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The Flying Creatures of Fra Angelicoby Antonio Tabucchi
Synopses & Reviews
"Elegant, cosmopolitan, inventive, ambitious, and disquieting; his writing is, paradoxically, sensual and economical."—Boston Review
"Triumphs of nuance and suggestion."—Chicago Tribune
In this superbly imaginative collection of quasi-stories by the award-winning author of Indian Nocturne, the reader meets a flying creature of ambiguous species in a priest's vegetable garden, and a revolutionary who is told her incredible future by Mademoiselle Lenormand, a fortune teller from the shadow world.
Antonio Tabucchi was born in Pisa, Italy, in 1943. His works have been translated into over forty languages and have won prestigious prizes including the Aristeion, the Hans-Erich-Nossak-Preis, the Osterreichischer Staatspreis, and the Prix Médicis étranger.
A gorgeous, fantastical collection of sketches--"outbursts, moods, little ecstasies, real or presumed emotions, grudges and regrets."
Hypochondria, insomnia, restlessness, and yearning are the lame muses of these brief pages. I would have liked to call them Extravaganzas . . . because many of them wander about in a strange outside that has no inside, like drifting splinters. . . . Alien to any orbit, I have the impression they navigate in familiar spaces whose geometry nevertheless remains a mystery; lets say domestic thickets: the interstitial zones of our daily having to be, or bumps on the surface of existence . . . In them, in the form of quasi-stories, are the murmurings and mutterings that have accompanied and still accompany me: outbursts, moods, little ecstasies, real or presumed emotions, grudges, and regrets. —Antonio Tabucchi on The Flying Creatures of Fra Angelico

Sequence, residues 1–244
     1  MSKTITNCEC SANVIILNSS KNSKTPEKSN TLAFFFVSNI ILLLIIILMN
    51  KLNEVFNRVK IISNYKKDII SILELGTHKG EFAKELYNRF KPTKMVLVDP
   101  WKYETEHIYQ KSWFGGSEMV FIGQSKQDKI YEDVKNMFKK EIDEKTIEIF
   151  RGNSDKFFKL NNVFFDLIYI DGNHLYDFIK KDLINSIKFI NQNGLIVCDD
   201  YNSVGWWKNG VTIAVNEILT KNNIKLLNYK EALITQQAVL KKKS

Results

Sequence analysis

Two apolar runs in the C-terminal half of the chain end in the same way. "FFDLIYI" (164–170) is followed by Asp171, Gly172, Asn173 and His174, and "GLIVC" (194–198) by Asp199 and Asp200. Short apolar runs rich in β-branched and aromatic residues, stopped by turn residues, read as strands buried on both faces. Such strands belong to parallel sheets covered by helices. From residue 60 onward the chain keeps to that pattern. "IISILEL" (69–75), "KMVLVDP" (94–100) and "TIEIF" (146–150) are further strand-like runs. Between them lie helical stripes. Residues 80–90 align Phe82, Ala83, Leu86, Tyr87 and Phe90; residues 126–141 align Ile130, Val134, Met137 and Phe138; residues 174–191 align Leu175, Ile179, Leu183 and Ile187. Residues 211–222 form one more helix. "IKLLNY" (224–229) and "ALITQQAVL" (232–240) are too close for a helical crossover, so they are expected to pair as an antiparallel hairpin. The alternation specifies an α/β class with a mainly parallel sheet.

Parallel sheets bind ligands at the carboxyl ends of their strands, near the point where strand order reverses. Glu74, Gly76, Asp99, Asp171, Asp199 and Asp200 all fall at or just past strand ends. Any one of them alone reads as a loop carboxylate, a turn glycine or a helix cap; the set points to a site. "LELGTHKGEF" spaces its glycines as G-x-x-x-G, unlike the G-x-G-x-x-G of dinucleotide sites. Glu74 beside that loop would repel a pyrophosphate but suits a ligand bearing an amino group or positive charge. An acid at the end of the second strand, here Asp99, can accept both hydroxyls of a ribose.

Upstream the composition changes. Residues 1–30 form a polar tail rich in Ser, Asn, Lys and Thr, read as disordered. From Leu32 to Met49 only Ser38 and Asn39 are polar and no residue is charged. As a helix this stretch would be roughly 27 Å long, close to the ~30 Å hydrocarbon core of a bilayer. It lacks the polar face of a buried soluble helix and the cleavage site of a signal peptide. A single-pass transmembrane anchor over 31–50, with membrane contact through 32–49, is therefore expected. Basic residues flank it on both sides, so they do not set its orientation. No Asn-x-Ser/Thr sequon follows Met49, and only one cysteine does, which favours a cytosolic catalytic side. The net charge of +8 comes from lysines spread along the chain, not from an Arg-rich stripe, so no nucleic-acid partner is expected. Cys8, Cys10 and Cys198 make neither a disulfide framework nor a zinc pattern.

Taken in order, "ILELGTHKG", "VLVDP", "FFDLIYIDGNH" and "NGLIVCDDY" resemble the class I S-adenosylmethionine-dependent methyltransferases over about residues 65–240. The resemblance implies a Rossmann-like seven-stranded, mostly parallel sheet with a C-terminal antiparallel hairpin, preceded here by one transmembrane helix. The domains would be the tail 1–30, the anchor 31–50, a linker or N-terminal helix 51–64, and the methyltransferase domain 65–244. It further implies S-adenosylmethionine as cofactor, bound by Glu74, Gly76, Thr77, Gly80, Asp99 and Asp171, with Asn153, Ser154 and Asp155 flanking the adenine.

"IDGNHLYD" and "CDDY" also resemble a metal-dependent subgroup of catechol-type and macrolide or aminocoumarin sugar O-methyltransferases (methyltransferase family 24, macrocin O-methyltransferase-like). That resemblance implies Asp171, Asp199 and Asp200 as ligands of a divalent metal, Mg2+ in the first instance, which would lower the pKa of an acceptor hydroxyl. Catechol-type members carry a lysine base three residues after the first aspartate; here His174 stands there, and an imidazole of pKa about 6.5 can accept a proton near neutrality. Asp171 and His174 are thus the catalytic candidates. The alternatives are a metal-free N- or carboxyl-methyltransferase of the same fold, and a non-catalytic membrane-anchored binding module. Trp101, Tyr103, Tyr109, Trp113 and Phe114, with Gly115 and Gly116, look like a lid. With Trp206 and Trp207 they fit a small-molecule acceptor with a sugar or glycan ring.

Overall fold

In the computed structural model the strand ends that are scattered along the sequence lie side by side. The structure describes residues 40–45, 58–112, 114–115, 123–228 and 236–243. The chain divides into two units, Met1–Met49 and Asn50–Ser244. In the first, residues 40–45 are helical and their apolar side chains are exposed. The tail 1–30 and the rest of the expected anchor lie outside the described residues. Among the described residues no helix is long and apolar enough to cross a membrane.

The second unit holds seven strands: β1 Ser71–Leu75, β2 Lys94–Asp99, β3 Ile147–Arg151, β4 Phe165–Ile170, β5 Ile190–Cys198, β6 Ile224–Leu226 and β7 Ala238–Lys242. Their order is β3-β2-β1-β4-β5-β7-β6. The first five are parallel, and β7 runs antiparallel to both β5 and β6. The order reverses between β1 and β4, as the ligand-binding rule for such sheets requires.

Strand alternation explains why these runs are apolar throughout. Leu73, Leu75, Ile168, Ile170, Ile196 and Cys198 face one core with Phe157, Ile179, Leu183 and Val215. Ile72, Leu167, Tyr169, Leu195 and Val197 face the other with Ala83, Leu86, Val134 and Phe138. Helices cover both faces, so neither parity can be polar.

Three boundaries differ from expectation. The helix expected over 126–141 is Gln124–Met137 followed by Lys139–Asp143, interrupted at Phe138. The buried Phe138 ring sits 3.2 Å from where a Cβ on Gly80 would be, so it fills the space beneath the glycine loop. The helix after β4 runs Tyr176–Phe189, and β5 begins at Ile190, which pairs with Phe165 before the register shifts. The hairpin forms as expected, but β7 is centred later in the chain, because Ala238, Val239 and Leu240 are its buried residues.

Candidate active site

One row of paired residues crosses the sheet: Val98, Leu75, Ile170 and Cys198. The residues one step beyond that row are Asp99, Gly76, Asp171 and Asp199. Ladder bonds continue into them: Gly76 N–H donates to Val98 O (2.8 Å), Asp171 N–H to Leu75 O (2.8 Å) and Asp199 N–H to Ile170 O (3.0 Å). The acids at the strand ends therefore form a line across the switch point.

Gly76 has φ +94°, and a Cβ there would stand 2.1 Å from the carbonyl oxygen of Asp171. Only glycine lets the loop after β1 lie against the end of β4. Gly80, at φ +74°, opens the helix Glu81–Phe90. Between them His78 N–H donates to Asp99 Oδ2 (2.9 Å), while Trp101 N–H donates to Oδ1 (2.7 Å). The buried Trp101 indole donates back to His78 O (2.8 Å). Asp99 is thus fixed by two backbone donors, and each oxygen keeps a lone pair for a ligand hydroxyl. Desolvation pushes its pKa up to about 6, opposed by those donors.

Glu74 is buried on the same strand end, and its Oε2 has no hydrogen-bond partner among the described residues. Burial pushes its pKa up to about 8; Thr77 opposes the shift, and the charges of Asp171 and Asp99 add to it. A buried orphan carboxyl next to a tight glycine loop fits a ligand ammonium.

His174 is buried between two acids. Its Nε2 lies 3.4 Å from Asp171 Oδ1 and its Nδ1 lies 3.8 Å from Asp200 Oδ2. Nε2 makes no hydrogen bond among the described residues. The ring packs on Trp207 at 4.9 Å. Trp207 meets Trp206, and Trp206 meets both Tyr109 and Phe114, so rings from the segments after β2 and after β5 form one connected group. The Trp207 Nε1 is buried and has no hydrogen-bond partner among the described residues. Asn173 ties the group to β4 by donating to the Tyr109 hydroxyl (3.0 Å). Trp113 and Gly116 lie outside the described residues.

About the Author
ANTONIO TABUCCHI, one of the most renowned voices in European literature and the foremost Italian writer of his generation, was born in Pisa in 1943, where he still lives. Translated into more than forty language, his many books have won prestigious prizes including the Aristeion, the Nossack, and the Europaeischer Staatpreis. His previous fiction includes Little Misunderstandings of No Importance and Indian Nocturne — now a film — which won the Prix Medici Etranger in 1987.
TIM PARKS teaches literary translation at IULM University Milan and has written about provincial life in the Veneto in Italian Neighbours (1992) and An Italian Education (1996). He has translated works by several Italian writers, including Alberto Moravia, Italo Calvino, Antonio Tabucchi and Roberto Calasso. He has twice won the John Florio Prize for translation. He lives in Verona with his wife.
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